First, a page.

Ryanair promise more UK flights if ‘rumours’ of air tax cut go ahead

Holidays: Ryanair 'confident' for summer travel says O'Leary

When you subscribe we will use the information you provide to send you these newsletters. Sometimes they’ll include recommendations for other related newsletters or services we offer. Our Privacy Notice explains more about how we use your data, and your rights. You can unsubscribe at any time.

Ryanair chief executive Eddie Wilson said UK holidays will be “forgotten about” once overseas holiday hotspots such as Spain and Greece reopen again. However, he said the airline hopes to ramp up connectivity to make tourism across the country more accessible if the UK Government reduces Air Passenger Duty (APD).

The APD tax is added onto passenger tickets, but if removed could cut the cost for the airline and subsequently the passenger themselves.

The exact cost of the tax varies depending on a few factors such as the destination, seat pitch, aircraft type and class of travel.

Mr Wilson, speaking in an online interview with Routes Online, said he had “heard rumours” that the British government was considering a cut in the tax.

“We’ve heard some rumours that they are going to cut the tax or cut it in half, and certainly we would look at that in conjunction with the CAA,” he said.

“We’ve got the set-up already with Ryanair UK and we hope to do something there.”

The airline previously called for a temporary suspension of the APD tax last summer.

Mr Wilson continued: “There is huge potential for more connectivity within the UK … and that’s certainly something we would respond to.”

Not only would more UK flights be beneficial to Britons hoping to travel the country, but it would also target tourists coming from overseas.

Why the US could be allowed into Europe for holidays before Brits
Turkey holidays: Is TUI taking bookings? Is Turkey on the red list?
Spain holidays: Britons to be welcomed back in June

“We don’t have the infrastructure in Ireland and the UK for staycations,” Mr Wilson stated.

“If the product was that good, there would be lots of inbound traffic.

“There isn’t lots of inbound traffic.”

As things stand in terms of domestic connectivity, Mr Wilson said most tourists who visit the UK “go to London and you try and drag them up to see Stratford-upon-Avon for Shakespeare or whatever [but] that’s about as far as they go”.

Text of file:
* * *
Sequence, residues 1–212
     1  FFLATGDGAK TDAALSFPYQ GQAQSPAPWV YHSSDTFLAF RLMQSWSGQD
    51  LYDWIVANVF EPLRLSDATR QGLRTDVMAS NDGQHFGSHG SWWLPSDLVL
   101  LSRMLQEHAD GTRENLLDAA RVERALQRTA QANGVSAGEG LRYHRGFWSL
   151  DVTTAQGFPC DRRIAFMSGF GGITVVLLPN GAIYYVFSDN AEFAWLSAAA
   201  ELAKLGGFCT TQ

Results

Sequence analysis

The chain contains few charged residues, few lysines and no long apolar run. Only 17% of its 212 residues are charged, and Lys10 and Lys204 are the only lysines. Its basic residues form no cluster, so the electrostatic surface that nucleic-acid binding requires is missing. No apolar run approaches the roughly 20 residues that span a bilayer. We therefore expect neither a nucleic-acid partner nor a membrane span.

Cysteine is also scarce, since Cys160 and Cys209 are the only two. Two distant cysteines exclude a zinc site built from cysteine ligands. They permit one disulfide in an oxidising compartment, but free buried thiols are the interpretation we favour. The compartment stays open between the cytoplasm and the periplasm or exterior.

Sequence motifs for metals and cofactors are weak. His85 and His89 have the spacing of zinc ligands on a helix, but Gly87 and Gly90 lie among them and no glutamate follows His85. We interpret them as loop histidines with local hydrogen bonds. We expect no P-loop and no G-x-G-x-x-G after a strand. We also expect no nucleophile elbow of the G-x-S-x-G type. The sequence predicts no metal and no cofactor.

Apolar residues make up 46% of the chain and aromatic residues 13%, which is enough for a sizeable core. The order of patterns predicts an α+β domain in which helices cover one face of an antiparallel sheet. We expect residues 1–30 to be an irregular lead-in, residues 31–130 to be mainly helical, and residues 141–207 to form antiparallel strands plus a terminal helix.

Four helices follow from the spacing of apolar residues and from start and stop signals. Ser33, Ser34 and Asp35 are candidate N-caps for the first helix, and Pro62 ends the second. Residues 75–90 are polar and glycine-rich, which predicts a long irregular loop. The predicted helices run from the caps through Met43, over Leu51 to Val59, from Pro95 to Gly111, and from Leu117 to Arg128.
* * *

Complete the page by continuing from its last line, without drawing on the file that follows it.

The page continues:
It comes as Ryanair announces plans to launch a new process to protect passengers against heightened costs it says are often touted by Online Travel Agents (OTA).

Ryanair’s director of marketing, Dara Brady, said: “We’re pleased to launch our new ‘Price Checker’ and ‘Verified Seal’ on the Ryanair.com website and app.

“These two new features will help customers avoid the pitfalls of booking with online travel agents, who may overcharge, provide incorrect customers information and prevent Ryanair from dealing directly with the passenger.

“The new ‘Verified Seal’ symbol – displayed as a branded tick and visible on Ryanair.com or Ryanair app only – is to safeguard the customer by providing them with a simple identifier to ensure they know they are booking their flights directly with Ryanair and not through an Online Travel Agent.”

He added: Ryanair has no commercial agreements with online travel agencies (OTA’s) to sell Ryanair flights.

“Any screen scraping of our website www.ryanair.com, in particular for the commercial purpose of a re-sale of our flights, is strictly prohibited under our terms and conditions.

“We advise our customers to always book directly through the Ryanair website and Ryanair app where they will have access to the lowest fares, direct Customer Care and speedy refunds.”

Source: Read Full Article